C is not object oriented, and the complexity and bloat that are
associated with that make it a much simpler language.

I think C is a great language, that can evolve as all languages evolve
without becoming something else.
If one wants to create some OO API's in C, well, they most certainly can;
here is a simple example:
http://groups.google.com/group/comp....02fd4047cbbe1c
That is a very simple example of _minimalist_ implementation of abstract
interfaces in C. AFAICT, its pretty clean as well. I find this technique
works very well for plug-in frameworks... IMHO, C is extremely flexible
as-is.

Nov 4 '08 #12

P: n/a
On Nov 3, 6:07*pm, jacob navia <ja***@nospam.comwrote:
la************@siemens.com wrote:
jacob navia <ja***@nospam.comwrote:
o It could be faster for some operations like (precisely)
* *Strcat since there is no need to search for the terminating
* *zero.
I would expect Strlen to be quite a bit faster, too. *:-)
Does it include I/O functions like sprintf, too?

Well, not now. You have cast a String into a char *.

The overloaded cast operator will give back a pointer
to the actual contents of a String as a char *.

This is suboptimal, and I will hack the printf functions
later to accept some new marker for those strings, like
"%{S}"
I think that having an easy way to convert from the string type to a
null-terminated C-style string should be enough (and the cast fulfills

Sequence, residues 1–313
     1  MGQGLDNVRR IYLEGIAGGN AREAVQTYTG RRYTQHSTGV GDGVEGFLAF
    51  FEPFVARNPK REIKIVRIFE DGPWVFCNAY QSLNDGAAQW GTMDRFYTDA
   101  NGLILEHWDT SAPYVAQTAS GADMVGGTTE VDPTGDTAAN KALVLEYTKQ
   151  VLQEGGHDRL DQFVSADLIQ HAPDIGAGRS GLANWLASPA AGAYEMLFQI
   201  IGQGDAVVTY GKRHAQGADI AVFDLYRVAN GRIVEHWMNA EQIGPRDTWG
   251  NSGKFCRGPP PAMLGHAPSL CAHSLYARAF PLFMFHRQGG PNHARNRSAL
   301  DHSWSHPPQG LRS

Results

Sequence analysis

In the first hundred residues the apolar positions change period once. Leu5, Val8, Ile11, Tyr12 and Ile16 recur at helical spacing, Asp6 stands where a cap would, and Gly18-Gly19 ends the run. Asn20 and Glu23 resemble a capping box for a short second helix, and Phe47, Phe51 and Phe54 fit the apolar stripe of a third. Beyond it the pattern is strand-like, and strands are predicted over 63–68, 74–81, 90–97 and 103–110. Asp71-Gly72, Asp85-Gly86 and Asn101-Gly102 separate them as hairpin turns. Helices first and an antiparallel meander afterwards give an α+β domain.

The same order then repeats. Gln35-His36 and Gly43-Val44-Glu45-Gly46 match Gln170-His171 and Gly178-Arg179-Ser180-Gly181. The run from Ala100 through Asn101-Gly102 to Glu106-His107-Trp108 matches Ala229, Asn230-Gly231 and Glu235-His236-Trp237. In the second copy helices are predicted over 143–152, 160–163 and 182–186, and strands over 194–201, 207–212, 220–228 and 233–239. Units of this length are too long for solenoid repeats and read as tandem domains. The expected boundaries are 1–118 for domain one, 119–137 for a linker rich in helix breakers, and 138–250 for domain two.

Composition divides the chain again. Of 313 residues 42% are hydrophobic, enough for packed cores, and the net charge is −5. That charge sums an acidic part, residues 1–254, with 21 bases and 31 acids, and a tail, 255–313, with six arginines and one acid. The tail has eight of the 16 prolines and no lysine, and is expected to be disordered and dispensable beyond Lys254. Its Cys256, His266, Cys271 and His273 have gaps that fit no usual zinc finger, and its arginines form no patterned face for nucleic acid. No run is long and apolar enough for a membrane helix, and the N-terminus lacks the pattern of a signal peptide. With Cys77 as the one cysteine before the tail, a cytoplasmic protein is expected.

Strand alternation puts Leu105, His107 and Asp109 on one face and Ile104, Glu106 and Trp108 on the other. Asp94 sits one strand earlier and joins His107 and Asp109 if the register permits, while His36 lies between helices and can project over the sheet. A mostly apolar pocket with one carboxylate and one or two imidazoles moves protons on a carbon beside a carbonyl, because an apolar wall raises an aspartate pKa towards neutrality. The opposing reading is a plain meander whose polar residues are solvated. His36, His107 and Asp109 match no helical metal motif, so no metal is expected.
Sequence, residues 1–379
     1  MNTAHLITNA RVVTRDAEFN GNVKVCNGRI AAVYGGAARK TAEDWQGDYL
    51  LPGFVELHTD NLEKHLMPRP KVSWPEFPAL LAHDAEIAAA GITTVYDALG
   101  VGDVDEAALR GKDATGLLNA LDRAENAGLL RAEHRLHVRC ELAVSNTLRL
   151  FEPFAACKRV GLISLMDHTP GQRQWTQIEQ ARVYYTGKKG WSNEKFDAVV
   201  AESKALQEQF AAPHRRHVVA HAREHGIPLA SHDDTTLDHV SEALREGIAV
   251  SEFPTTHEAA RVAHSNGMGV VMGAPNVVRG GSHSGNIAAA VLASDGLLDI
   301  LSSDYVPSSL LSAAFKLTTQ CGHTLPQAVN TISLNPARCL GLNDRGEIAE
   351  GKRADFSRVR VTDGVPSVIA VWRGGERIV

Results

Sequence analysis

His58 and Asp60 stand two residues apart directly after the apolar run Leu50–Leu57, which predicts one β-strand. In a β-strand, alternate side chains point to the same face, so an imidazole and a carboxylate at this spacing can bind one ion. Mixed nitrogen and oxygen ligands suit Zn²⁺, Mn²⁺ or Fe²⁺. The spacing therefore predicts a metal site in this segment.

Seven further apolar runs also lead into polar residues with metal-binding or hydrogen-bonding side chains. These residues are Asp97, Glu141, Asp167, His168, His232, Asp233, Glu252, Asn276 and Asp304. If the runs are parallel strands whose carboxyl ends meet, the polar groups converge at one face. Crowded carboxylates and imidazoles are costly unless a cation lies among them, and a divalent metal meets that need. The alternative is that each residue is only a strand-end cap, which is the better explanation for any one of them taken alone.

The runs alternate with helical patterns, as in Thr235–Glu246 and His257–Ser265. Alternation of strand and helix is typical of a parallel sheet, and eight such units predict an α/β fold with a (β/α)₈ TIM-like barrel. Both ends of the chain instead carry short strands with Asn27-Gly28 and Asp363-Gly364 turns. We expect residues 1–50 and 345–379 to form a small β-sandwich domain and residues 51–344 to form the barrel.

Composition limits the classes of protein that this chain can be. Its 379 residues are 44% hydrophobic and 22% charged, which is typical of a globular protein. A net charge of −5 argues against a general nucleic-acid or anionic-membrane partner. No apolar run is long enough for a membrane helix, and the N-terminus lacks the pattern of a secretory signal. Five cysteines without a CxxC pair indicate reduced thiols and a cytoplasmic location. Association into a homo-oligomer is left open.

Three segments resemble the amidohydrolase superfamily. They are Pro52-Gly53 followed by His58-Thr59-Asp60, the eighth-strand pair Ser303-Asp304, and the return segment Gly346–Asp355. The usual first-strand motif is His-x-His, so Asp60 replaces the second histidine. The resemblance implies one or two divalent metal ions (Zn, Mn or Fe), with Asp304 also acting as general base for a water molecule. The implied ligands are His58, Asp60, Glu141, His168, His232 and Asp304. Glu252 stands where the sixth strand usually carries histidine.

this purpose).

Maybe what Lawrence meant was if there were sprintf-like functions
that wrote to a StringA or a StringW, which eliminates the problem of
overflow (with, e.g., sprintf()) or truncation (with, e.g.,
snprintf()). For example, in a simple string library I once wrote,
there was a function like:

int StringAssignFormat(String str, const char *format, ...);

The function automatically allocated the space needed for the result
and then called vsnprintf() to do the formatting. CoreFundation's
(Apple) CFString has a similar functions, such as:
http://developer.apple.com/documenta...4-CH201-F11101

Sebastian

Nov 4 '08 #13

P: n/a
jacob navia wrote:
Stephen Sprunk wrote:
>>
C does not have operator or function overloading. Quit spamming
comp.lang.c with advertisements for compiler features that are not C.

IMHO, you would be better served simply adding the few remaining
features that are required to make lcc-win32 a C++ compiler, rather
than trying to convince people that your extensions are or should be
part of C. There is a reason these features were _not_ backported
from C++ to C as many other "improvements" have been.

S

There is a central difference.

C is not object oriented, and the complexity and bloat that are
associated with that make it a much simpler language.
C++ doesn't have to be OO either.

A recent quote from James Kanze on c.l.c++:

"I believe it was Robert Martin that first pointed it out, but
the complexity is always there; it's inherit in the application.
In the case of C++, that complexity manifests itself in the
language; in the case of C, in the code we have to write to
solve the problem. Which means that in the case of C++, we have
to master it once, for all applications; in the case of C, we
have to master it for each application."